It was not without anticipation that I approached this revival of Mike Stott’s “comedy classic” that had originally starred what are now big names like the late Richard Beckinsdale and Pete Postlethwaite, Julie Walters, Matthew Kelly, and Bill Nighy and was to “guarantee a raucous night of fun.” The fact that much of the current cast are weel kent through television soaps like Corrie (Coronation Street), Emmerdale, and Hollyoaks was an added fillip to see how some of these actors performed live.
After many initial rejections, the play had its first performance in 1973 in the Schauspielhaus, Bochum and not appearing in England till 1976 at Liverpool’s Everyman. Set in an unnamed location in the Pennines, it tells the tale of a village grocer, Trevor Tinsley (Craig Gazey), who yearns to live by the adage “To thine own self be true”, which means in his case fantasising about free love.
His dreams come true when an incomer arrives triggering a set of farcical situations at which he is the centre but the tables turn on him when his buttoned up wife, Irene (Suzanne Shaw) discovers her sexual joie de vivre without him.
The Daily Mail apparently dubbed the play as ‘Coronation Street with an X certificate.’ Craig Gazey who won awards for his performance of the wonderful character Graeme Proctor in Corrie is a natural clown full of comic camp body language that he used to full effect in this production.
Likewise Vicky Entwistle, who was famed as the loud mouthed Janice Battersby in Corrie, played a Mrs Baldry practising schadenfreude and gossip worthy of Ena Sharples. The rest of the (rather weighty) 10 strong cast did well but the whole experience was disappointing with the second act descending into boring farce.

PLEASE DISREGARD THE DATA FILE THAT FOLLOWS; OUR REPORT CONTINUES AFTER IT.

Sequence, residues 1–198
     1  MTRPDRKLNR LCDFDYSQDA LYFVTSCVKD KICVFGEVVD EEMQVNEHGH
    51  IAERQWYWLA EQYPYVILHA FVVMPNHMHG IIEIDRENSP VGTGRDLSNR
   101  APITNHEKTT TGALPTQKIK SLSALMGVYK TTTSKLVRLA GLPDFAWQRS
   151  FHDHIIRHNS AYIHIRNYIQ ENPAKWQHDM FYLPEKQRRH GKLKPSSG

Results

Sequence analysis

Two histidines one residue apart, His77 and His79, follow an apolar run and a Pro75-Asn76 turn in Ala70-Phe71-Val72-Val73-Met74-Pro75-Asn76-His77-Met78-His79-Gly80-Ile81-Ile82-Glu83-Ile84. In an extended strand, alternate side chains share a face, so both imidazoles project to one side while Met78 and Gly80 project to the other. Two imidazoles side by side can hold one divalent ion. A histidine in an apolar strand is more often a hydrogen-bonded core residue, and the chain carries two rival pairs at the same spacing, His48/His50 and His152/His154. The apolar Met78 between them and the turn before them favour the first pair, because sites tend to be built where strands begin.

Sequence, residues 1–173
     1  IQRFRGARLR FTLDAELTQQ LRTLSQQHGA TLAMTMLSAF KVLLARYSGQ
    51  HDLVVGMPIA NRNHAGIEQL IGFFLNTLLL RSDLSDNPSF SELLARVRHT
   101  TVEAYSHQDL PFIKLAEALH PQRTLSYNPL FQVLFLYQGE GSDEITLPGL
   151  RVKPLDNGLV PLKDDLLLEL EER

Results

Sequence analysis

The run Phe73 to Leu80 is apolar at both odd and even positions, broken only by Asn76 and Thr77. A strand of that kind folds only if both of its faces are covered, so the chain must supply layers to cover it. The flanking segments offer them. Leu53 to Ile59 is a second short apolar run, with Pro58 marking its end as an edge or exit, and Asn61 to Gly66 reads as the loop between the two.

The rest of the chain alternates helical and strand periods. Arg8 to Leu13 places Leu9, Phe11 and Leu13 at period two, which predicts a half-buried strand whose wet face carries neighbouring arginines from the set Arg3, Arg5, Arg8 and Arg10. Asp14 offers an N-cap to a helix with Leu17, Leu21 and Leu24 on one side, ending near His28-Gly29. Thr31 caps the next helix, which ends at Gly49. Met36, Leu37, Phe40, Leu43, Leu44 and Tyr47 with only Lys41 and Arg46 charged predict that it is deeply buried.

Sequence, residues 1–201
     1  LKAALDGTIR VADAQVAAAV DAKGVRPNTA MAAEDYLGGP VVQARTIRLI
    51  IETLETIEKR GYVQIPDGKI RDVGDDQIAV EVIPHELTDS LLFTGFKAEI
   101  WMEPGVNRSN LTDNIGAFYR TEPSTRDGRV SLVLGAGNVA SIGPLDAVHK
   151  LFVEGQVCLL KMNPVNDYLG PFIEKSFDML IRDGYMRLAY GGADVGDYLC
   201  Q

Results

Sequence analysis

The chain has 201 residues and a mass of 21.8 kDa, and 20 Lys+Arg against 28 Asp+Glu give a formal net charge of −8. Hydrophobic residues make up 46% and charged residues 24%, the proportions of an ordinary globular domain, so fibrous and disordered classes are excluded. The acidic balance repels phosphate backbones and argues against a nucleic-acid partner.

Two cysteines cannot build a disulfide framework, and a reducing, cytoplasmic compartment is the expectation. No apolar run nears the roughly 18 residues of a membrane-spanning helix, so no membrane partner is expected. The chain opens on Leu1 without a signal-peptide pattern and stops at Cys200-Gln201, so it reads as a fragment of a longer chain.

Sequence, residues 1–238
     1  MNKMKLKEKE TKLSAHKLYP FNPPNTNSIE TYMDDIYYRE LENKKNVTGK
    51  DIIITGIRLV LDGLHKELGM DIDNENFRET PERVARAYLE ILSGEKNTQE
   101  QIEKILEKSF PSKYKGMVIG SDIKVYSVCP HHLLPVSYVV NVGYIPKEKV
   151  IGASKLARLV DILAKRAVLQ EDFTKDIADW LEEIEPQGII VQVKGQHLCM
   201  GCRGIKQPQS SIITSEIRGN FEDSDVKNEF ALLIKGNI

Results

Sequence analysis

All the shenanigans, punctuated with an orgy of swearing and overt sexual language and nudity may have been shocking and radical in 1976, particularly against the backdrop of the implied frustration and suppression of the Methodist ideology of the village in the play, but not anymore.
It struck me that making the sexual catalyst a southerner undermined the notion that ‘up north’ was a hot bed of potential ménages. Society and theatre audiences have moved on over these three decades thanks in part to the alternative comedy scene; while, for example, issues of race and disablity are now generally taboo, those of sexual practices in all their varieties are well out of the closet.
The cream cake fight scene was slapstick chaos worthy of a children’s TV show and was frankly just irritating. Any potentially poignant moments, like the news at the end of poor Stanley Baldry (Steven Blakeley) the village simpleton, being sectioned, seemed to evaporate in the farce that had unfolded, and received no sympathetic comment. And where was poor Baby Glenda when her mother discovered her sexual appetite?
The set and costumes reflected the times of the play – all tank tops and the various shades of brown that epitomise the era. All this was pretty accurate, except for the apparent anachronism of what looked like a popular French jam on the bottom shelves among otherwise contemporary goods.
The show raised some laughs but overall it seemed utterly dated - a pointless revival that would have been better left as a memory. I met someone I know at the interval from the NE of England who was heading home, cringing with embarrassment at the ‘northern’ stereotypes. She made the right choice.
Mon 27 February to Sat 3 March 2012, 7.30pm. Matinees: Wed & Sat 2.30pm
Tickets: £ 17.00 - £ 28.00